RECONSTRUCTING PLANT ROOT AREA AND WATER UPTAKE PROFILES

RECONSTRUCTING PLANT ROOT AREA AND WATER UPTAKE PROFILES A major challenge in plant ecology is quantifying how roots obtain water and nutrients from the soil. Stable-isotope analysis of hydrogen and oxygen in plant and soil water is one of the best and least destructive methods for elucidating plant––soil interactions. Plant roots obtain water from various depths in the soil and the isotopic signature of plant stem water reflects the soil water sources. Current methods for inferring plant water sources based on stable isotopes (““simple linear mixing models””) are limited. First, their formulation restricts the number of water sources to a maximum of three (e.g., surface, intermediate, deep-soil water); estimation of additional sources leads to an identifiability problem. Second, simple linear mixing models do not appropriately reflect uncertainty, and most importantly, they cannot be employed to elucidate behavior of the root system itself, such as root activity for water uptake. This study introduces the RAPID (root area profile and isotope deconvolution) algorithm, a powerful approach for reconstructing plant water uptake and root area profiles. The RAPID algorithm overcomes the nonidentifiability problem by incorporating a biophysical model for root water uptake into a Bayesian framework such that the biophysics and prior distributions place biologically realistic constraints on the profiles. Posterior distributions for the proportions of active root area and water acquired from each soil layer are obtained via Markov chain Monte Carlo. We apply the RAPID algorithm to data collected for a desert shrub and examine its sampling implications. http://www.deepdyve.com/assets/images/DeepDyve-Logo-lg.png Ecology Ecological Society of America

RECONSTRUCTING PLANT ROOT AREA AND WATER UPTAKE PROFILES

Ecology, Volume 85 (7) – Jul 1, 2004

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Publisher
Ecological Society of America
Copyright
Copyright © 2004 by the Ecological Society of America
Subject
Regular Article
ISSN
0012-9658
D.O.I.
10.1890/03-0346
Publisher site
See Article on Publisher Site

Abstract

A major challenge in plant ecology is quantifying how roots obtain water and nutrients from the soil. Stable-isotope analysis of hydrogen and oxygen in plant and soil water is one of the best and least destructive methods for elucidating plant––soil interactions. Plant roots obtain water from various depths in the soil and the isotopic signature of plant stem water reflects the soil water sources. Current methods for inferring plant water sources based on stable isotopes (““simple linear mixing models””) are limited. First, their formulation restricts the number of water sources to a maximum of three (e.g., surface, intermediate, deep-soil water); estimation of additional sources leads to an identifiability problem. Second, simple linear mixing models do not appropriately reflect uncertainty, and most importantly, they cannot be employed to elucidate behavior of the root system itself, such as root activity for water uptake. This study introduces the RAPID (root area profile and isotope deconvolution) algorithm, a powerful approach for reconstructing plant water uptake and root area profiles. The RAPID algorithm overcomes the nonidentifiability problem by incorporating a biophysical model for root water uptake into a Bayesian framework such that the biophysics and prior distributions place biologically realistic constraints on the profiles. Posterior distributions for the proportions of active root area and water acquired from each soil layer are obtained via Markov chain Monte Carlo. We apply the RAPID algorithm to data collected for a desert shrub and examine its sampling implications.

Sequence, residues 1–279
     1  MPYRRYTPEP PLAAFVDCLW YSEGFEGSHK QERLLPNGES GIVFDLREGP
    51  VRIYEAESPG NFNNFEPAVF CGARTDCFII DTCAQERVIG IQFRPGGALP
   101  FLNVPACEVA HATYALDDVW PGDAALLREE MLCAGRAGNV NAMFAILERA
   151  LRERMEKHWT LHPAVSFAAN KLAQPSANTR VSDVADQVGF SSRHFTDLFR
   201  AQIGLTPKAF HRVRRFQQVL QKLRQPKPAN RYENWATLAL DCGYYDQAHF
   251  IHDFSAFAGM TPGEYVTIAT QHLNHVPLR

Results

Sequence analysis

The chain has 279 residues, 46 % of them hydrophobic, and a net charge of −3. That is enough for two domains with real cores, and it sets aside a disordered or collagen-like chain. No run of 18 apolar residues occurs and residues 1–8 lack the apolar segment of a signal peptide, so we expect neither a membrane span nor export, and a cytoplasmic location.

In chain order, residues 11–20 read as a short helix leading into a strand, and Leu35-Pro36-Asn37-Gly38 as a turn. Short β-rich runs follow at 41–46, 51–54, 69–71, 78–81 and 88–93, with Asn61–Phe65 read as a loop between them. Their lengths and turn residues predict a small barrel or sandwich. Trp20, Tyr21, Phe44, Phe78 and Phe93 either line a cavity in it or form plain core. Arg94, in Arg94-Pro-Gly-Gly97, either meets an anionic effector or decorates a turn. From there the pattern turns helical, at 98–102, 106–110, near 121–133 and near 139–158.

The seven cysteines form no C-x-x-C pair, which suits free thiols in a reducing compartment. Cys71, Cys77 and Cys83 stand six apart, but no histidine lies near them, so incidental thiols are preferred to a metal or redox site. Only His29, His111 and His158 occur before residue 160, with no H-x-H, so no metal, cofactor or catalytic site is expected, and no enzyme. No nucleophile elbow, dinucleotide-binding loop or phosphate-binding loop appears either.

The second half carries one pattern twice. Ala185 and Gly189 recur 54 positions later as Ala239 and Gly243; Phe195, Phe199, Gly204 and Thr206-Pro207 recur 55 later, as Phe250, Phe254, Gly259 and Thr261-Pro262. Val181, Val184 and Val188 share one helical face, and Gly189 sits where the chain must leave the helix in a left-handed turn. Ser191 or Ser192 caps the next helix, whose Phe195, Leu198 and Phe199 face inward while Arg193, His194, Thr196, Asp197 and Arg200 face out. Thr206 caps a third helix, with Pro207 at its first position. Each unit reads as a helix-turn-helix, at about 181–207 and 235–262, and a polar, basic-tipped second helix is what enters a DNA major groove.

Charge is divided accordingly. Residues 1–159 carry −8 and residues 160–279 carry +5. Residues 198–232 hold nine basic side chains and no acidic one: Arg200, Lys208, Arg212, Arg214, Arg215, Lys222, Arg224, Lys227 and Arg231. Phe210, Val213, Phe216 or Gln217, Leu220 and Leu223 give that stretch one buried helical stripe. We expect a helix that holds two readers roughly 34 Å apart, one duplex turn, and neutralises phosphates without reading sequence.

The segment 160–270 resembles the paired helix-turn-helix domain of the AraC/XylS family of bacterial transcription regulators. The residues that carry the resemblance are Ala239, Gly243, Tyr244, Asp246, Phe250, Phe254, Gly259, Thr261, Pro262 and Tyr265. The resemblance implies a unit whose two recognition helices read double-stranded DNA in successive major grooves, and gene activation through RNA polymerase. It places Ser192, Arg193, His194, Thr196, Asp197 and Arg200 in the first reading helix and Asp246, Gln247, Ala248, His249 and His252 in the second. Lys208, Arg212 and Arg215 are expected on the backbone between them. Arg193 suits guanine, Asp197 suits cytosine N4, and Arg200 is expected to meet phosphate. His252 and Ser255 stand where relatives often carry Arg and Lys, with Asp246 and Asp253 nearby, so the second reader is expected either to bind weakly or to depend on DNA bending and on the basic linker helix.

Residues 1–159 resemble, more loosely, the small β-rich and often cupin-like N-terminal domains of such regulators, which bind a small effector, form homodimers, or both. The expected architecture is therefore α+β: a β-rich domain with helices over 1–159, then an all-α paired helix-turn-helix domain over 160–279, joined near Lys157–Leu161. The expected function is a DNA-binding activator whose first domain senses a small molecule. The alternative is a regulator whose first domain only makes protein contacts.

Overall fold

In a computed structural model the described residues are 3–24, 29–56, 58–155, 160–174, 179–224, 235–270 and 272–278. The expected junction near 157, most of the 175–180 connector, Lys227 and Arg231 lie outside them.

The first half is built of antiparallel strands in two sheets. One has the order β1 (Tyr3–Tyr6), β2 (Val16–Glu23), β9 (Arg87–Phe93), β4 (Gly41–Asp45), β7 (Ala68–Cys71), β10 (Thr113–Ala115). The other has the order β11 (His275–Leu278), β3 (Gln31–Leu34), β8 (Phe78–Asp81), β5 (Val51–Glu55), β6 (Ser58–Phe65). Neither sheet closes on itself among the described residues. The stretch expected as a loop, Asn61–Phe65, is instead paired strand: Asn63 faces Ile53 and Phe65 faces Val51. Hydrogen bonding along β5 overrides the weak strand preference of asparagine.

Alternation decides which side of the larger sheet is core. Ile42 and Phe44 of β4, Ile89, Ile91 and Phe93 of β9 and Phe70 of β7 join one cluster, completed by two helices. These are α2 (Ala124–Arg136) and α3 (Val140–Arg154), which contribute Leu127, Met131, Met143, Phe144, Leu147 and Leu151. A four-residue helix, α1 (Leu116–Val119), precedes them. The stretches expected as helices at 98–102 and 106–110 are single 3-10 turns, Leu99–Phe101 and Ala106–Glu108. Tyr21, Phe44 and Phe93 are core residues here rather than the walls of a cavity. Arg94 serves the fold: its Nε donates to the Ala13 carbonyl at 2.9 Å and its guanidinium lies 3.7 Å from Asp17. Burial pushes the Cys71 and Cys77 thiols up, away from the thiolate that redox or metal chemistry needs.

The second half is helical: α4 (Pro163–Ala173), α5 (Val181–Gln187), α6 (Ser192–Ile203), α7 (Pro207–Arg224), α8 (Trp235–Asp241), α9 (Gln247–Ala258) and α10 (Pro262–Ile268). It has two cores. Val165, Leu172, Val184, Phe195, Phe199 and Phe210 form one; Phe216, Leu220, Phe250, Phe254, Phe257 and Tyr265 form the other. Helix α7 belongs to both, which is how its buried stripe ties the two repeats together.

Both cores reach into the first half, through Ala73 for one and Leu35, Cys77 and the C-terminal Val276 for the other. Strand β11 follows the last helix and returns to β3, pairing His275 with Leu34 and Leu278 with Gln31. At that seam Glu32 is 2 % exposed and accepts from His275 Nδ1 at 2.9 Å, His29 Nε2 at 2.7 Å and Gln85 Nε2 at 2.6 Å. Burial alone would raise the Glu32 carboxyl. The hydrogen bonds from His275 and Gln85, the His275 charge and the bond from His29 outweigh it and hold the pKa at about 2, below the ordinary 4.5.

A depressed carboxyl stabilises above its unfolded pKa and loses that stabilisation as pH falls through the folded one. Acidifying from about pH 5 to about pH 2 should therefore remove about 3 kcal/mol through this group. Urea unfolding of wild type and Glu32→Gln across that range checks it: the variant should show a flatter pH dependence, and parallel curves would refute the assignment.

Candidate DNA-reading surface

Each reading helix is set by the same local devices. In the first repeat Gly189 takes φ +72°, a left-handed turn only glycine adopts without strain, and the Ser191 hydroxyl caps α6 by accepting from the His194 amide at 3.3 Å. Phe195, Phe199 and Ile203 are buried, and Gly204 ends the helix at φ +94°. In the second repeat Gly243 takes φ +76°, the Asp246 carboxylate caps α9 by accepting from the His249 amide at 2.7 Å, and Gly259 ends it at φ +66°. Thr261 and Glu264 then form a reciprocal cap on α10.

Journal

EcologyEcological Society of America

Published: Jul 1, 2004

Keywords: Bayesian ; creosotebush ; deconvolution ; δδD ; δδ 18 O ; inverse problem ; Larrea tridentata ; plant water relations ; RAPID ; soil texture ; soil water ; water uptake

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